Grinding out some exercise on the exercycle and listening to a playlist on Spotify – a go-to set of live songs I like – got me thinking about live music in general.

Let’s face it – seeing the band you like “live” is the ultimate. They’re there in the flesh and pounding it out (though they may be somewhat far-off, large screens or not).

Can’t beat it? Well, it’s a mixed bag really. But let’s work the scorecards.

Hearing a band (or soloist) play live is potentially like being in their company.  If the lead players – the ones who get most of the spotlight and do the talking – are in a positive space, you get excellence and bonhomie. They chat, crack jokes, interact with the audience (in a positive way) – and might even go past their planned playlist.

If they’re grumpy or lame for whatever reason (long flights, no sleep, technical problems, band disagreements, wrong food or drugs ‘n alcohol) – you might get eyewash. In 1976, Eric Clapton played an Auckland concert in a real grump. His girlfriend (George Harrison’s ex-, from memory) hadn’t been allowed in for drug conviction reasons and he was getting heavily stirred by an idiot or idiots in the front row who were heckling him about his relatively gentle 461 Ocean Boulevard album, which was a bit of an MOR departure from the Cream and blues stuff his fans revered. At one point he introduced his faux-reggae song I shot the sheriff by saying “I’m going to play this and I don’t f**king care what you think.” Ouch.

That’s the essential difference between hearing a live version of an album song you know well. Some bands do them pitch-perfect, utterly true to the album in composition and length. Others tinker with the tunes a little – or a lot (think Dylan) – which can be risky but sometimes rewarding.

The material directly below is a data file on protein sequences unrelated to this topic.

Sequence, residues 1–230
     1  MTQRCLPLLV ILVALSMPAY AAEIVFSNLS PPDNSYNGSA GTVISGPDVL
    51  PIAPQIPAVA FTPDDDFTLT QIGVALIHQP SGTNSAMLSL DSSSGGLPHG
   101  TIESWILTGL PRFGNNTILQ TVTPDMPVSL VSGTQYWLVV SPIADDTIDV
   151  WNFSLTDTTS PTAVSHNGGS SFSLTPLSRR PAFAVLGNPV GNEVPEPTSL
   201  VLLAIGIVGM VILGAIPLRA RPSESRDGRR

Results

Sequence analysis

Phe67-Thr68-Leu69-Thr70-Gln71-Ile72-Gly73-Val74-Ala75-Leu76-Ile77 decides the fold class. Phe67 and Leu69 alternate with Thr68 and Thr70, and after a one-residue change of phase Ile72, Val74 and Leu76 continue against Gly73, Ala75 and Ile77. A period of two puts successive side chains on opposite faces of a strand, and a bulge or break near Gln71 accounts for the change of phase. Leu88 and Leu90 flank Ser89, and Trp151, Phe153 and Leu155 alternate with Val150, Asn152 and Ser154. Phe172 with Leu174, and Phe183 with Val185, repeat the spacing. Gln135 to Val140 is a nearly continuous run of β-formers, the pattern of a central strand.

It’s fair to say some bands are disappointing live for a range of reasons. The songs they so carefully crafted over many days, weeks, months in the studio, that the engineers might have resurrected and embellished to be tuneful and complete, they then have to perform – and the result can be dire. You detect the melody, and the lyrics are there – but the musicianship may be woeful. Or there are key personnel missing – that distinctive vocalist or drummer – or they’re impaired in some way (name your cause…)  Or maybe they’re just past it.  Ian Anderson, who has kept Jethro Tull alive for 50 plus years now, can’t sing for love nor money – but persists in trying to, which is sad.

The sound may also be less than memorable because of the physical constraints – a poor auditorium, poor equipment, poor sound engineers.  Guitars may fail.

But the best get it right and you experience the magic of great tunes played well, with all the extras.

And the extras are worth waiting for. I love the dynamic you get from a vocal crowd (dickhead hecklers aside). Here’s a case in point. Peter Frampton gained huge notoriety in the late 1970s for a live double album (itself a bold rarity) which drew massive attention, in particular for the show-stopper – an extended version of his hit Do you feel like we do?  Frampton – an excellent guitarist and capable vocalist – was wowing the music world with one of the earliest uses of the vocoder – a device that turns vocals into wah-wah style sounds amplified through the guitar amp (at least that’s how I think it works).